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Theiler's encephalomyelitis virus capsid

Theiler's encephalomyelitis virus capsid

C014/2306

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Credit

LAGUNA DESIGN / SCIENCE PHOTO LIBRARY LAGUNA DESIGN / SCIENCE PHOTO LIBRARY

Caption

Theiler's encephalomyelitis virus capsid, molecular model. This virus, which causes brain and spinal cord inflammation in mice, is used in research. It is named after Max Theiler who discovered it in 1937. In viruses, the capsid is the protein shell that encloses the genetic material. A capsid consists of subunits called capsomeres that self-assemble to form the shell seen here. Here, this shell, approximately spherical in shape, has icosahedral symmetry. One of the functions of the capsid is to aid the transmission of the viral genetic material into host cells. The cell mechanisms are then used to produce new virus particles.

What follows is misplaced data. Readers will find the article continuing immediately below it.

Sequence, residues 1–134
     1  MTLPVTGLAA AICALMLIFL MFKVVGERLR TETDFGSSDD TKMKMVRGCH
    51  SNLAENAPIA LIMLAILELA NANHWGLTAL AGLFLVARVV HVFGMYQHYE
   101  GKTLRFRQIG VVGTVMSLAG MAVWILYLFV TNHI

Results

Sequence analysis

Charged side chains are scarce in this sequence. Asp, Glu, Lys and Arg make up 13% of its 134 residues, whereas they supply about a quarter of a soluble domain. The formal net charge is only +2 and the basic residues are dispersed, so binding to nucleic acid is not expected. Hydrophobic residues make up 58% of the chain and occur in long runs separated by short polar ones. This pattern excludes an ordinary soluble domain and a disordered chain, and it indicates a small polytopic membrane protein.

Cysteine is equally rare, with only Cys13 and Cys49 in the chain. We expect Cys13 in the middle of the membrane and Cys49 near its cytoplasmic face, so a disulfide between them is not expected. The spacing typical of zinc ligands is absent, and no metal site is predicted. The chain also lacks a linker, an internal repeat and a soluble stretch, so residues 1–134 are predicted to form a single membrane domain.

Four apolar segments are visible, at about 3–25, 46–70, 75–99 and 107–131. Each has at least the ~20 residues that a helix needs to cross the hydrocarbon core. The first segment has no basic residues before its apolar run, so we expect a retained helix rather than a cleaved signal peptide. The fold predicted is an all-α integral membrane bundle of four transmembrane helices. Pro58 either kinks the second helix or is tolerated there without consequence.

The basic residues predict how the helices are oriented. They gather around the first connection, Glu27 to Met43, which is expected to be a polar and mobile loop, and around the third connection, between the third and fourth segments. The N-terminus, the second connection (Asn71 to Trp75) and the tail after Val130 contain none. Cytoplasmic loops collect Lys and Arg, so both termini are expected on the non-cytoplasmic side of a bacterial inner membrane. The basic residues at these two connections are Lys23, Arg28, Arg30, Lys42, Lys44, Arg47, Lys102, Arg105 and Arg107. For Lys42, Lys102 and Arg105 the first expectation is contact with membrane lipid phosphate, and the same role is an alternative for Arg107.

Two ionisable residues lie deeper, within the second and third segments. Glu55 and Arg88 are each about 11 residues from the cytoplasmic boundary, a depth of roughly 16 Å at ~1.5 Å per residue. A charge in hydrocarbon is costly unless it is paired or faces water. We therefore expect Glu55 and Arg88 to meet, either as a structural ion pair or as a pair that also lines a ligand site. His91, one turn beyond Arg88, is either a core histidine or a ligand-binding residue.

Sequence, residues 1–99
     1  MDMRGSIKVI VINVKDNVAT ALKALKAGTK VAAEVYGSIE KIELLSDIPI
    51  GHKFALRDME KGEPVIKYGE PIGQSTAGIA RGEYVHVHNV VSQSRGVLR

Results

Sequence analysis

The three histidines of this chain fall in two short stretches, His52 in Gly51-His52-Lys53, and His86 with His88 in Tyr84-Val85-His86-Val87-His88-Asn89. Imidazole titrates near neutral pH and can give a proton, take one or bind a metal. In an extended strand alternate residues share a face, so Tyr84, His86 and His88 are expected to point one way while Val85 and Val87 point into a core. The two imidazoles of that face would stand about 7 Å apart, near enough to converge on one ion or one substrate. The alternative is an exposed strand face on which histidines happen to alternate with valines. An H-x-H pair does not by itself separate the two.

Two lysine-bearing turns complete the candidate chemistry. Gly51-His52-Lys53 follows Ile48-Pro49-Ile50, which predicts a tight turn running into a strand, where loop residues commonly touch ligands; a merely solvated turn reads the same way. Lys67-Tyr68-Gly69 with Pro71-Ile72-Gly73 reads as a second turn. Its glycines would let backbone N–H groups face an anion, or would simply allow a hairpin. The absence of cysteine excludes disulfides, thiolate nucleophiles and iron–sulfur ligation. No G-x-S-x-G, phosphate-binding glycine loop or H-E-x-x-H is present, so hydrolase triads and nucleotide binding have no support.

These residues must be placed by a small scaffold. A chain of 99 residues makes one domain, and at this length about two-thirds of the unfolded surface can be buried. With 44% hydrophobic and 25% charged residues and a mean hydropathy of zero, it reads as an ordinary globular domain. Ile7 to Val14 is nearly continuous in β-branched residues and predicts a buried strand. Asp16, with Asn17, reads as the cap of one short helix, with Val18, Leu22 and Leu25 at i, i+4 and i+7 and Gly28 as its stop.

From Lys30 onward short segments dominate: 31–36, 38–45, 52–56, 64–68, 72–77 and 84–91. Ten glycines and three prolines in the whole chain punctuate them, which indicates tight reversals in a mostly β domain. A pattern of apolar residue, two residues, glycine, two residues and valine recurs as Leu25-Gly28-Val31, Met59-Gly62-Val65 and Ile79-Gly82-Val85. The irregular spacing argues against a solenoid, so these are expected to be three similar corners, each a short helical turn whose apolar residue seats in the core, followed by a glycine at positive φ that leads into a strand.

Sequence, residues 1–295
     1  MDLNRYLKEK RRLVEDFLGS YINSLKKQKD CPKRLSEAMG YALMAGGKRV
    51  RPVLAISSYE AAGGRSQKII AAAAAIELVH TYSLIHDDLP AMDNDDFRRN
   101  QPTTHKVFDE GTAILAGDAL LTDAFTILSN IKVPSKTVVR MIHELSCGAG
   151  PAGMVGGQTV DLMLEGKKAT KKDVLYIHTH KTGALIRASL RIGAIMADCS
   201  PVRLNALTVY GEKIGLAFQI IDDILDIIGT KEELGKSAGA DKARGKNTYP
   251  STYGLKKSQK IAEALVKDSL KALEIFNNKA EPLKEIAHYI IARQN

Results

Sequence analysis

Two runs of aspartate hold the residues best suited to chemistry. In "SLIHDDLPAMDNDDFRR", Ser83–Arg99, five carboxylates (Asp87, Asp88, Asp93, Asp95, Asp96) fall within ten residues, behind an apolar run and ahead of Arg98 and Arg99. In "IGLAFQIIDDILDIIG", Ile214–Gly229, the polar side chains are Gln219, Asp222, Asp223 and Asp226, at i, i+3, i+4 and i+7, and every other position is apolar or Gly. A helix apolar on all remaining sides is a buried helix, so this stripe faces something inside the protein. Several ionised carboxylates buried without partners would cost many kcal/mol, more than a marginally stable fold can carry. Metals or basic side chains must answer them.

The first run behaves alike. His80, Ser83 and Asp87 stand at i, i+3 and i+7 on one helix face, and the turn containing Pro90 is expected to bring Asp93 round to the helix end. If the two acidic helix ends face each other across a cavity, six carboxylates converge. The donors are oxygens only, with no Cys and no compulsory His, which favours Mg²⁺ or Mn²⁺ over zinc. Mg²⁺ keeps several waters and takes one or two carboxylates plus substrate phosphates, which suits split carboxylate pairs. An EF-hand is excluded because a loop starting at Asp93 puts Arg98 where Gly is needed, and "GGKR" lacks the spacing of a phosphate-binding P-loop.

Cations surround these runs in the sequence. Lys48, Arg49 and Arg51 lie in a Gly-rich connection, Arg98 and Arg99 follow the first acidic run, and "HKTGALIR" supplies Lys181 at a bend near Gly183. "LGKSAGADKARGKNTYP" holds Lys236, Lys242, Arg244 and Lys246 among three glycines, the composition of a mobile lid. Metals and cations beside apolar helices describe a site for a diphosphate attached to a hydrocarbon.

Release details

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